Procedure Description: Gluteal augmentation surgery is usually successful at making the butt larger and shapelier. An incision may be made where the cheek meets the back of the thigh or down the buttock crease. The incision is usually made in the buttock crease, where scars are not noticeable; however, this area does carry a high infection risk.
The doctor then creates a pocket large enough to insert the gluteal implants. The implants can be placed either under the gluteus maximus muscle or on top of the muscle.
Sometimes, the doctor performs liposuction in order to further enhance the shape of the buttocks.
After performing the same procedure on the other buttock, the doctor makes sure the buttocks are symmetrical and look natural. Then he/she stitches the incisions.
Length of Procedure: Buttock implant surgery usually takes about 2 to 3 hours to complete. The length of the procedure varies according to the technique used, the placement of the implants, the patient’s anatomy and type of anesthesia used.
Recovery: When you wake up from the procedure, you will feel tired, sore and stiff. It is important to take the medication prescribed to you by your doctor. Someone will need to drive you home, and you may need assistance at home during the next couple of days. Expect to be in bed for the 24 hours following surgery. Your will have a compression garment on after surgery to provide support, which should not be removed for the next few days following surgery. Most likely, you will be able to resume calm, quiet work within a few days to weeks following the surgery. You should still avoid physical exertion for several weeks, depending on the advice of your doctor. The stitches will come out within a week to ten days, but swelling may continue, gradually subsiding over several weeks. As the swelling subsides, the results will become more apparent. You will probably be able to resume exercise and normal physical activities within a month or two, when the soreness has subsided.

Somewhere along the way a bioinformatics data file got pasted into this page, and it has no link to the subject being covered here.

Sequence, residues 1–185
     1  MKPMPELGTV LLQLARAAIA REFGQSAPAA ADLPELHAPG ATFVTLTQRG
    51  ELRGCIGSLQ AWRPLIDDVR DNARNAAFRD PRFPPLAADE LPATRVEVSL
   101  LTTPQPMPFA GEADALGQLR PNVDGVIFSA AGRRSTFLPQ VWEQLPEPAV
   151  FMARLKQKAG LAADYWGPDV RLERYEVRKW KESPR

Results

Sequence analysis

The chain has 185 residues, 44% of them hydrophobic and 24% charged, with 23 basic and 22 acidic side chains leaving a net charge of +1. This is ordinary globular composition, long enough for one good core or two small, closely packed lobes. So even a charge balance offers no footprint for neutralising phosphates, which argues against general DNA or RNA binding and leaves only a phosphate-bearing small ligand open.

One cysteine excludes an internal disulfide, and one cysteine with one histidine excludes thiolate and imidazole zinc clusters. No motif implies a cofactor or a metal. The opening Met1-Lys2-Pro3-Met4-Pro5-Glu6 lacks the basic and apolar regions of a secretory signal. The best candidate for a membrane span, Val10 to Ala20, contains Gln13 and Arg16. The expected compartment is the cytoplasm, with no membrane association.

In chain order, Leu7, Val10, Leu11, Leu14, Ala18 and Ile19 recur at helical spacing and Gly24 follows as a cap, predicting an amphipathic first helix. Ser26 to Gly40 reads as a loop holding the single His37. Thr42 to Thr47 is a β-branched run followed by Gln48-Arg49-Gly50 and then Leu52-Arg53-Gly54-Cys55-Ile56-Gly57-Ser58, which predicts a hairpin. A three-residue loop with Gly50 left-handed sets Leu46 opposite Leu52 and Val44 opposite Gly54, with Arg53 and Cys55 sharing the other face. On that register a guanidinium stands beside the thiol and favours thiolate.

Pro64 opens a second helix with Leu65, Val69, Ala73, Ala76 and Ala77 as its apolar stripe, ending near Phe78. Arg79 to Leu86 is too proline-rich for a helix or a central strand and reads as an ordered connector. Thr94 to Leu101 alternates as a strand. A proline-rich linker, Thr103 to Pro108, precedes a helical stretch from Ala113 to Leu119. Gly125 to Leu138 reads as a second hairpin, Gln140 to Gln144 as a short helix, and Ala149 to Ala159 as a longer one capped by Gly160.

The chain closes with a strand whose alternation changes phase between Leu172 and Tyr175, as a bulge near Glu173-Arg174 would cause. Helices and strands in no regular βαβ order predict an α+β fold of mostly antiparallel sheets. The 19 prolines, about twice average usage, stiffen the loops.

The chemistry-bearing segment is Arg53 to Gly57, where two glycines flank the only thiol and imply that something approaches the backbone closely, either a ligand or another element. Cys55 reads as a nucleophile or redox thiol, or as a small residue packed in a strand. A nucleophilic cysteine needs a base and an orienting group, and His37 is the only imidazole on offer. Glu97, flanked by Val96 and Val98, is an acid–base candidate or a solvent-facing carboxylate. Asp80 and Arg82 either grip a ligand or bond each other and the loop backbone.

Risks: The most common complications associated with this procedure include infection, bleeding, and scarring. Other, less common complications; hematoma (collection of blood), seroma (fluid buildup) Other potential risks include malpositioning or shifting of the implants resulting in the buttocks appearing asymmetrical. However the implants are placed above the sitting area in order to keep patients from sitting on them and thus reducing the risk of implants shifting.
Another complication, although rare, is that the implants may rupture, or break. All surgical procedures carry some degree of risk. The risks of undergoing buttock augmentation can include (but are not limited to) infection, unsatisfactory results, excessive bleeding and adverse reaction to anesthesia.
Results: In spite of the initial discomfort, most women report that they are very satisfied with the results of the surgery. There is occasionally a need for second or, sometimes, third procedures.
Estimated Cost: According to the American Society of Plastic Surgery, the average cost for buttock implant surgery is $4,000- $6,000 including hospital and anesthesia fees.